Thanks to the Internet, we now have a host of new ways to offend, enrage, misinterpret, creep out, or alienate people. In Tangled Web, we field your questions about how to be a decent human online. Have a question? Ask email@example.com.
I was hanging out recently at a bar with a group of friends, one of whom (Emily) was intermittently chatting with an out-of-town mutual friend on Google Hangouts on her phone. At one point she reported back, “Steve says to tell you that he hopes you two make out,” pointing at me and another friend.
The thing is, this guy and I did once kiss while really drunk, but Steve had no way of knowing that. So it hit home in a way he probably didn’t intend. I’m not sure whether he was joking or serious, and I’m not sure whether I should be quite as mortified as I am, and I’m not sure whether the mistake was Steve’s for saying it, Emily’s for reporting it, or mine for being so easily embarrassed.
Half-online Hangouts are super weird. (Have you ever been to a party where one person calls in on Skype to say hi? Is it only my friends who do that? It is bizarre.) In this case, the distance and perceived privacy of the chat box or phone probably made Steve feel empowered to tell a joke that he wouldn’t have said to your faces. Some of the cues that tell a person “this may be inappropriate to say or not come off the way I intended” are lacking when you’re not physically in the same room.
But it sounds like there’s every reason to believe he was just joking. I’m not saying you necessarily DON’T get your friends together by saying “you two should make out”—I’ve seen that work rather well, actually—but people are way more likely to make jokes about intra-social-group sexin’ than they are to try to actually make their friends kiss by banging their heads together. As a joke genre, it’s pretty tried and true (tired and true, you might even say); as a matchmaking formula, it’s a little atypical. If you assume it was a joke, statistics are on your side, and you’ll probably feel a little more relaxed about the whole thing, which is what’s really important.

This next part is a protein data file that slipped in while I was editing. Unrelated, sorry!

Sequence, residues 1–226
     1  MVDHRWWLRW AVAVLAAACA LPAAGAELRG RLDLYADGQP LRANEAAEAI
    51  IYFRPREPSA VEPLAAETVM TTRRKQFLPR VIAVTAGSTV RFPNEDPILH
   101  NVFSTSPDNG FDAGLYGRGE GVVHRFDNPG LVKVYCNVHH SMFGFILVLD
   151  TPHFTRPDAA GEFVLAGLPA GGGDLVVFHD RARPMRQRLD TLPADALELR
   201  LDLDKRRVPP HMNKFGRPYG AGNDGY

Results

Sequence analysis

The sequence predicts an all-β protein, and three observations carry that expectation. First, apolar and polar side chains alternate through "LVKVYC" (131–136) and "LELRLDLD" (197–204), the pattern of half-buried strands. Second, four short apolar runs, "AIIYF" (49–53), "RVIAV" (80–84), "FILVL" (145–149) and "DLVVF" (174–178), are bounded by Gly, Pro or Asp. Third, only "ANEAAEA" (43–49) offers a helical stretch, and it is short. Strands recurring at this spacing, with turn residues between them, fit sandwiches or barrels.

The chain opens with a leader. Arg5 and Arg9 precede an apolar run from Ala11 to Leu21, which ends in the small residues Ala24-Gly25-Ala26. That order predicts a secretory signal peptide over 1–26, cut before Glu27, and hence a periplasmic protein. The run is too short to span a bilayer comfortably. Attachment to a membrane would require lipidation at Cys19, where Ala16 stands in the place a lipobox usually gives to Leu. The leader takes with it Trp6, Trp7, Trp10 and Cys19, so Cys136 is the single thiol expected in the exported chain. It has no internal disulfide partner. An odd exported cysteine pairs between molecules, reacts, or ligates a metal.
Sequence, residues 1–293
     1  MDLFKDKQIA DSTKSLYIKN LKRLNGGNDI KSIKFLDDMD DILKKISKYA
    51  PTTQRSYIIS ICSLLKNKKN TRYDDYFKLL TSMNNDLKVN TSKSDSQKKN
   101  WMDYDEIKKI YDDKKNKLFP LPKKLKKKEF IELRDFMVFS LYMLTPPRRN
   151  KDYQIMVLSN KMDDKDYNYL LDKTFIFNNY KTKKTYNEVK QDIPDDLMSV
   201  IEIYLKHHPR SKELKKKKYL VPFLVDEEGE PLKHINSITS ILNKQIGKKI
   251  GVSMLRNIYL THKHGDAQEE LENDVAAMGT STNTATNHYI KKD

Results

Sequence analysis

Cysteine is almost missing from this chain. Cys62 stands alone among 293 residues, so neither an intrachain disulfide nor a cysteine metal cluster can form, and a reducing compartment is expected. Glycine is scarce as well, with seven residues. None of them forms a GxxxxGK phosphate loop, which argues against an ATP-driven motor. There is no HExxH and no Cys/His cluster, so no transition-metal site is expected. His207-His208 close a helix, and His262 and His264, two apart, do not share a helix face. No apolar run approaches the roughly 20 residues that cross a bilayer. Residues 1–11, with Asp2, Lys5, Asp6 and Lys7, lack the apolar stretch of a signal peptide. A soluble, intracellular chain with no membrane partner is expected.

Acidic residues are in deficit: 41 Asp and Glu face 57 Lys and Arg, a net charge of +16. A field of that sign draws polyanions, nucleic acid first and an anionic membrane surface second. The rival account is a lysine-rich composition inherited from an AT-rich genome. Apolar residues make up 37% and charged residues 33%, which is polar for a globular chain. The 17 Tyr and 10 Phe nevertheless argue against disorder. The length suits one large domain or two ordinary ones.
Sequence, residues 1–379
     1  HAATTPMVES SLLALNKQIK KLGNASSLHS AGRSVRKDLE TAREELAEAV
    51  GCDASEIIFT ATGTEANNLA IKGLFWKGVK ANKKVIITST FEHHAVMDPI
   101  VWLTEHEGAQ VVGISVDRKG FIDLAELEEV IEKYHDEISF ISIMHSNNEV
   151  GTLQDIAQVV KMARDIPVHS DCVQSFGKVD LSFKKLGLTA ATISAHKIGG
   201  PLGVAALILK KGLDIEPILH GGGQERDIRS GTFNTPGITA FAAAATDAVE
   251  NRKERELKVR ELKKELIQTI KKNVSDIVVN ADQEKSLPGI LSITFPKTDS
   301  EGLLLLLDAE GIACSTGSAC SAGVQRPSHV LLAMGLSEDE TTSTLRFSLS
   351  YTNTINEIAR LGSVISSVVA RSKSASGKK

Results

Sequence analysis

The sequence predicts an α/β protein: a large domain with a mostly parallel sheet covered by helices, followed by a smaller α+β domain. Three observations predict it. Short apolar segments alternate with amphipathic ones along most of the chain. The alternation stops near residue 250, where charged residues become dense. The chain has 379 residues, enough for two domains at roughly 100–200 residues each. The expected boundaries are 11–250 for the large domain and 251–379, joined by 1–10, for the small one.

It would have been polite for Emily to put the kibosh on a crack she thought might make you uncomfortable. She didn’t have to pass it on. But for starters, she may not have realized you’d be embarrassed—and plus, Steve told her to say it. If she was relating something he had said in perceived confidence, that would have been a bit of a violation; obviously he knew there were other people in the room, but I think you can have a reasonable expectation that your physically present friend will not be narrating your virtual communications. It’s more like whispering in public; yes, someone could overhear, but you assume the person you’re whispering to will not then repeat everything you say loudly and clearly for the benefit of those who can’t hear. “STEVE SAYS HE HATES YOUR DRESS!”
That’s not what Emily did, though. She passed on something he told her to pass on, something she probably correctly interpreted as a joke that had no reason to embarrass you. So she’s not the asshole, and Steve’s not the asshole... Does that mean the asshole is you? Well, no, but you are overthinking this. Your friends are ribbing you, not trying to make you mortified. And yes, they’re probably doing it in a slightly more overt and awkward way due to the addition of chat to the picture, but Emily didn’t break any unwritten Hangout rules.
Just tell Steve that if he wants to exert any more peer pressure by proxy, he has to do it using some kind of convoluted scheme, like writing one of you a love letter and signing it from the other one. It’s less easily misinterpreted. (OK, it’s a lot more easily misinterpreted, but it’s also much more entertaining.)
Jess Zimmerman has been making social blunders on the Internet since 1994. Most of her current interpersonal drama takes place on Twitter (@j_zimms).